Rather than relying on remote workers to create and maintain strong passwords, we suggest using a password manager like Rippling’s RPass, LastPass, and 1Password to automatically generate, store, and fill strong passwords to increase security. Employees won’t have to remember their credentials to access their accounts.

Another important security consideration is how remote employees will access shared company accounts (like your corporate Twitter profile). Are employees sending log-in credentials to each other over unsecured channels like email or Slack? It’s much safer to use a zero-knowledge password manager like RPass, which means employees can securely share login access with their colleagues without revealing the passwords themselves.

3. Lack of access controls 

In traditional office environments, admins can check to make sure legitimate logins are coming from the same IP address. Since you can’t do that when everyone is logging in from different locations, strong authentication measures like 2FA (two-factor authentication) and MFA (multi factor authentication) become more important. In other words, employees should be using something other than just a password to access company systems. 

Identity management solutions, like Okta, OneLogin, and Rippling help organizations make sure only authorized individuals are accessing your systems—even in remote environments. More granularly, look for software that allows you to specify what kind of access each employee has to each of your company tools and systems. As an administrator, you need a way to monitor login activity, easily reset passwords or change access, and perform account maintenance in one place.

Rippling, for example, supports 2FA out of the box. If you use a service or app that doesn’t support 2FA but has single sign-on (SSO), you can connect it to Rippling and essentially shield that service from malicious actors.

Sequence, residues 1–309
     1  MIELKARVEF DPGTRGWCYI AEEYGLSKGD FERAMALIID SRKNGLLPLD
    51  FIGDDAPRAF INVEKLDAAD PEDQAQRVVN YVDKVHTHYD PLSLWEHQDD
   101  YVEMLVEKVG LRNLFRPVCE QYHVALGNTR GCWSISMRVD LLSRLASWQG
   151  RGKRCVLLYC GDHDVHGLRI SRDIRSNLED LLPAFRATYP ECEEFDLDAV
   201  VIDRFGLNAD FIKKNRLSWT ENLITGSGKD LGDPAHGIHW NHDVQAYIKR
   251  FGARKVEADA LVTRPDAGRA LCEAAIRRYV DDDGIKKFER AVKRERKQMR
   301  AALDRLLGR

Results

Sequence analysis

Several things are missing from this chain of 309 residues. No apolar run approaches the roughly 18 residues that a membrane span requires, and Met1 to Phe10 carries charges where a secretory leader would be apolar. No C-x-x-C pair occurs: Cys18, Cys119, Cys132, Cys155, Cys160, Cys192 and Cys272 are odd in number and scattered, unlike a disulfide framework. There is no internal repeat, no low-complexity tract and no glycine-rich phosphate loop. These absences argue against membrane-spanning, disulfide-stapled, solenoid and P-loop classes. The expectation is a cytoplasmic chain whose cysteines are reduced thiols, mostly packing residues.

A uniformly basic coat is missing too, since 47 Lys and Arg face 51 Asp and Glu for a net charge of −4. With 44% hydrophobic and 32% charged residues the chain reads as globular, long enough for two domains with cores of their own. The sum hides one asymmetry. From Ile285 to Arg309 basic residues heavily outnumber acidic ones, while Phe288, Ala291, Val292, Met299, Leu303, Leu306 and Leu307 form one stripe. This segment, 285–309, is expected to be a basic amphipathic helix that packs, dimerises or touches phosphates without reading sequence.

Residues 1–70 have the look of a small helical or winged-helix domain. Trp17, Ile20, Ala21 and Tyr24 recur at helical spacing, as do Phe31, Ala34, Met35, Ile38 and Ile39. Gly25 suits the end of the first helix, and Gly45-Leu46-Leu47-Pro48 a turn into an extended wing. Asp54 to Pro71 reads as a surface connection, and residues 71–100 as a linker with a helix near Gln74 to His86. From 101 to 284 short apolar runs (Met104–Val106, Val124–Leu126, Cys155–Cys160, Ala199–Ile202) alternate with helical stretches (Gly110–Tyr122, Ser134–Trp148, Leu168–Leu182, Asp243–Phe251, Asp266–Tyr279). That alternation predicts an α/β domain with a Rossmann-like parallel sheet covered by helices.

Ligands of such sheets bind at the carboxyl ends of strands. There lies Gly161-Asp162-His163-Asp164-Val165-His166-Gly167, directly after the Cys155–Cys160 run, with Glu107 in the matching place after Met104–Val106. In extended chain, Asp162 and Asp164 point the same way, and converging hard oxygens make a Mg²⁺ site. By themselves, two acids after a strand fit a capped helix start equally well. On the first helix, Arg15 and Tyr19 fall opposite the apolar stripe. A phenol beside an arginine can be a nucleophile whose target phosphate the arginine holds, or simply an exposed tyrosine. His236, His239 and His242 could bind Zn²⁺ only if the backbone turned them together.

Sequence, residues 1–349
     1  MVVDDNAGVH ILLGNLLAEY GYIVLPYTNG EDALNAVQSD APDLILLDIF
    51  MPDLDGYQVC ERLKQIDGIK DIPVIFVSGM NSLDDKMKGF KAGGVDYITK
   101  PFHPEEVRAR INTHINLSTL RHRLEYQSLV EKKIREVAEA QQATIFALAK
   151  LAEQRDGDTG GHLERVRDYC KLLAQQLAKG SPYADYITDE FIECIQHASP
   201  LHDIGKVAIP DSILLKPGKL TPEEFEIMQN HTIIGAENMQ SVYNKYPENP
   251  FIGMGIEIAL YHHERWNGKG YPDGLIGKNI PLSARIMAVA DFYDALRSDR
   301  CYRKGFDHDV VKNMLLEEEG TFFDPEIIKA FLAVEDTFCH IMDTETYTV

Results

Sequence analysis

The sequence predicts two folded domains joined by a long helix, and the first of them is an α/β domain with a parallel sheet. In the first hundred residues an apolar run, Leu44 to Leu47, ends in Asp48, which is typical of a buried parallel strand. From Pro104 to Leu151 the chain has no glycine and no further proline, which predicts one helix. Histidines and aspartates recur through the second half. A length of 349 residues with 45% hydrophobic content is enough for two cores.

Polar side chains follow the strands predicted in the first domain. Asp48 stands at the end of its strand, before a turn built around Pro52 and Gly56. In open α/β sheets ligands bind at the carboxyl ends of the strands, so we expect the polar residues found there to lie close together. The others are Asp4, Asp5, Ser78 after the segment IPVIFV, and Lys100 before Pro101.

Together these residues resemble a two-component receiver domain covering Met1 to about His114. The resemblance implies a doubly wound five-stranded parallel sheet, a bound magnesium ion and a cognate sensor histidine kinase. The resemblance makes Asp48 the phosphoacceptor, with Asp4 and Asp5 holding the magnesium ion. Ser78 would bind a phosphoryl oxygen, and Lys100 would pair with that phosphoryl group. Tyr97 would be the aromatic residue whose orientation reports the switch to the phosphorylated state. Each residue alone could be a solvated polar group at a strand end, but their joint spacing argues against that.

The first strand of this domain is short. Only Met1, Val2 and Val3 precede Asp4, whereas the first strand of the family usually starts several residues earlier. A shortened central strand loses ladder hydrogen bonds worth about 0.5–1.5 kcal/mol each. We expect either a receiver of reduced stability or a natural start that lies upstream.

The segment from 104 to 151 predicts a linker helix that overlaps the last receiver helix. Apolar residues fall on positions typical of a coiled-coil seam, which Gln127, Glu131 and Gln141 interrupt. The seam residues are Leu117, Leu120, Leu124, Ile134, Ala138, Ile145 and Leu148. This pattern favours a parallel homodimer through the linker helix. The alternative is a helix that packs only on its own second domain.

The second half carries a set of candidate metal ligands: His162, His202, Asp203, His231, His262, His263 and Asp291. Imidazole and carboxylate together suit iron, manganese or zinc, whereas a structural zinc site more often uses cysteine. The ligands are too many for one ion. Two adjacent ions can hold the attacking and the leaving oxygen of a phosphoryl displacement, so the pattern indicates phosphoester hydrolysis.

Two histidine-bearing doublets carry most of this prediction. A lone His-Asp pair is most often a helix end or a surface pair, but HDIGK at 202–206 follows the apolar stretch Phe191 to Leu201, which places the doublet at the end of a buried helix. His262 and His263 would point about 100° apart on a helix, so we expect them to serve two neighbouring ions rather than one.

What’s more, employee accounts are automatically disabled when someone leaves your company.

4. Don’t forget about physical security

When employees start working from home, it’s easy to overlook the security of your physical offices that may be empty for weeks at a time. But in this case what’s out of sight should still be top-of-mind. 

Consider that a painting by Vincent Van Gogh was stolen this week after thieves simply smashed the front entrance of a Dutch museum that’s been closed since earlier this month. Ask yourself: How difficult would it be for someone to break into your office? 

If you haven’t done so already, be sure to check your campuses to ensure no valuables are left behind and any on-prem servers, sensitive documents, and other important IP are accounted for and adequately protected. If you work in a building that usually provides security, ask what their policies are during the shutdown. For instance, is security staff on site 24/7? Are they monitoring video surveillance? 

Employee laptops

When your team is working remotely, what happens when an employee’s company laptop that’s filled with customer data and confidential info gets stolen?

Every company should be using some kind of mobile device management (MDM) software to protect the crown jewels. If someone’s laptop is lost or stolen, leading MDM solutions like Rippling and Jamf will let you remotely track, lock, and wipe devices while ensuring employee hard drives are encrypted so your data stays safe. Crisis averted.